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CHICAGO/BEIJING, Jan 27 (Reuters) - China has bought “roughly 200 million gallons” of U.S. ethanol for the first half of 2021, matching its previous record for annual imports of the corn-based biofuel, Archer Daniels Midland Co Chief Financial Officer Ray Young said on Tuesday.
The accelerated imports are among several positive signs for the ethanol sector which has been hard hit by years of oversupply and, more recently, a sharp drop in demand as the coronavirus pandemic slashed fuel use.
Imports of 200 million gallons would eclipse China’s previous annual record of 198.1 million gallons in 2016, according to U.S. Census Bureau trade data.
“China actually has been buying U.S. ethanol. That’s something that they have not been doing over the past couple of years,” Young said on an earnings-day call with analysts.
“We do see, particularly in the area of ethanol, green shoots of recovery in 2021 for this business here,” he said after the company reported a stronger-than-expected fourth-quarter profit on Tuesday.
China has not traditionally been a large importer of ethanol, but tightening supplies of domestic corn used to make the biofuel coupled with a wide spread versus U.S. prices spurred the need for imports.
“Domestic corn prices keep rising and ethanol prices in the (domestic) market remain high,” said a Chinese source with knowledge of the purchases, adding some cargoes had arrived this month.
Chinese demand for ethanol has also increased since it can be used as an alcohol in disinfectants, whose consumption has surged amid the coronavirus pandemic.
“The supply gap is quite big also due to the epidemic, and can only be supplemented with imports,” the source said.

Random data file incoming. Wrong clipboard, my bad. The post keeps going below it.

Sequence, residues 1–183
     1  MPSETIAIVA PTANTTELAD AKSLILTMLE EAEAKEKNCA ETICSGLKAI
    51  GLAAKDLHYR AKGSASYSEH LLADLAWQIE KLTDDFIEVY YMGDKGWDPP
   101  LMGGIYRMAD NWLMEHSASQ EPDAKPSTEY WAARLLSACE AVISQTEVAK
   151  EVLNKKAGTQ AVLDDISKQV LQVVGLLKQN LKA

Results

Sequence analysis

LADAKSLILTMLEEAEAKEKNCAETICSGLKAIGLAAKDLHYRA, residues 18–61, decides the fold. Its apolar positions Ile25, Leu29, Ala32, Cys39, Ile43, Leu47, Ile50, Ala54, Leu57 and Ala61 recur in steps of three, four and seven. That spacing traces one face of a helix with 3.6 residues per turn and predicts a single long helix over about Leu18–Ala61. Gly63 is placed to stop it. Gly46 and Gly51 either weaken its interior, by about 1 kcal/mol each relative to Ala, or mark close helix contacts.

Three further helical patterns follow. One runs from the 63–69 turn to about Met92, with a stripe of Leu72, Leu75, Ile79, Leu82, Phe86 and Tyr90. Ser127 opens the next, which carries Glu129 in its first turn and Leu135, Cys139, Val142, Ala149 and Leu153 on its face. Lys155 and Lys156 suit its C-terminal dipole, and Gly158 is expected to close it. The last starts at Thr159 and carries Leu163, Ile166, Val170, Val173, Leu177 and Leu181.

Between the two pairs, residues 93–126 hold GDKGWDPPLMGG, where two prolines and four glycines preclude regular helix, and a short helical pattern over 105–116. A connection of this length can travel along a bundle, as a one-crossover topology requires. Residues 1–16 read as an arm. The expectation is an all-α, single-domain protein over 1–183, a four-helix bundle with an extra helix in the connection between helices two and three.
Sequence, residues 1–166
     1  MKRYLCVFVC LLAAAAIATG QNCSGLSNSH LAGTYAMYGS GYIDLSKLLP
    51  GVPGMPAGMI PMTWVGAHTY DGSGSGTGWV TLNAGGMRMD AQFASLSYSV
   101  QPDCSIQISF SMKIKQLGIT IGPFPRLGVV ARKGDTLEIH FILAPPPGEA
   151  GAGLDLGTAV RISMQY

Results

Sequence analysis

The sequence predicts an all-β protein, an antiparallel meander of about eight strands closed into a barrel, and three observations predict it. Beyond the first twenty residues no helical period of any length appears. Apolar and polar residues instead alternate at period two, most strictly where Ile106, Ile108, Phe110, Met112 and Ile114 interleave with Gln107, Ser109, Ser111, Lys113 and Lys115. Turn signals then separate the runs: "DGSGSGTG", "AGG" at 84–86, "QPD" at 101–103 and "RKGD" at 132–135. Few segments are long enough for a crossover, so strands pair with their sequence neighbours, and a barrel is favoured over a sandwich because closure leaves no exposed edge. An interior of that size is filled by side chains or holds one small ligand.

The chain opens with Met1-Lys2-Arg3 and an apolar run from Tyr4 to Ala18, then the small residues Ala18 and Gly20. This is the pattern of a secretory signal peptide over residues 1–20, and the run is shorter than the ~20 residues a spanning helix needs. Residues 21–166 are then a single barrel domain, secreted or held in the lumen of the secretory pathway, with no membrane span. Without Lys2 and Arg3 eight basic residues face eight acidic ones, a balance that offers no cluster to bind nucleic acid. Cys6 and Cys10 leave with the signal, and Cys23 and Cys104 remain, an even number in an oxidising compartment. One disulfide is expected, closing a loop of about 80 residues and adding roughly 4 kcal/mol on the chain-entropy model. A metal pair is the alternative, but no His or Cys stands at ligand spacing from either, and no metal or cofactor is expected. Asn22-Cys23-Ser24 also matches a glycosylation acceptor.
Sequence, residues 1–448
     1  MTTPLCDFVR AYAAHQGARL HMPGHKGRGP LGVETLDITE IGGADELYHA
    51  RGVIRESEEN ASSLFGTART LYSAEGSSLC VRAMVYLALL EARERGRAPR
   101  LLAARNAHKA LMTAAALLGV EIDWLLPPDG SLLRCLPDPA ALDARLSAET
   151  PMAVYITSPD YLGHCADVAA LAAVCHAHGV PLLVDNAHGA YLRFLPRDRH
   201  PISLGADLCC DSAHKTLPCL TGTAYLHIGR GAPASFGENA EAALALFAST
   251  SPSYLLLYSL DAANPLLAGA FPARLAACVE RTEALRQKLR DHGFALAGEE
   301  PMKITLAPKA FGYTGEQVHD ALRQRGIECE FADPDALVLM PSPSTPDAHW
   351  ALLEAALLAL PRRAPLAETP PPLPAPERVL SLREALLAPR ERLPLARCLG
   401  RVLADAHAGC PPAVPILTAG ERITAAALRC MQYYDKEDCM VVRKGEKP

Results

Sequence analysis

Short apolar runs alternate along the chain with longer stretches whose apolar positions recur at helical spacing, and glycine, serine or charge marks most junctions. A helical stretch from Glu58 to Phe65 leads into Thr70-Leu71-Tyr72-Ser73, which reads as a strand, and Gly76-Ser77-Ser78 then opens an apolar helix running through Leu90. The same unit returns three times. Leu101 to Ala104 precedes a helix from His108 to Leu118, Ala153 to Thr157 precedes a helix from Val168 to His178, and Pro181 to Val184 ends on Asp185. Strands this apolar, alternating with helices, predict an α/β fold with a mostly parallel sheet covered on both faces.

China mainly produces ethanol from corn and it is used to make alcoholic spirits, disinfectant alcohol, and fuel ethanol.
China’s corn prices rallied over 30% in 2020 and have climbed further to a record this year.
ADM did not disclose if it was among China’s suppliers.
Valero Energy Corp is one of the companies that has sold ethanol cargoes to China, two U.S. market participants said. Valero did not immediately respond to a request for comment.
Sinopec and COFCO were among the buyers of U.S. ethanol cargoes, according to the Chinese source.
Both Sinopec and COFCO did not immediately reply to faxes seeking comments.
Even as China increases its purchases, about 10% to 15% of U.S. ethanol production capacity remains idled due to poor margins, including two dry corn mills owned by ADM. Those two mills, Young said, could restart in the first half of this year if margins improve.
Beijing suspended a nationwide rollout of ethanol in gasoline supplies in 2020 following a sharp decline in corn stocks.
However, on Dec. 31, China’s energy regulator urged oil and gas companies to restore supplies of ethanol-blended gasoline following reports that firms had cut sales in parts of the country.
U.S. ethanol prices have risen since last year, making it currently unprofitable for Chinese buyers to import as 45% tariffs on U.S. cargoes are still in place, traders said.
“The deals should have been done when U.S. ethanol prices were (at) their lowest point,” said a source with an international trading house. (Reporting by Karl Plume in Chicago, Hallie Gu in Beijing; Additional reporting by Mark Weinraub in Chicago and Stephanie Kelly in New York; Editing by Marguerita Choy and David Evans)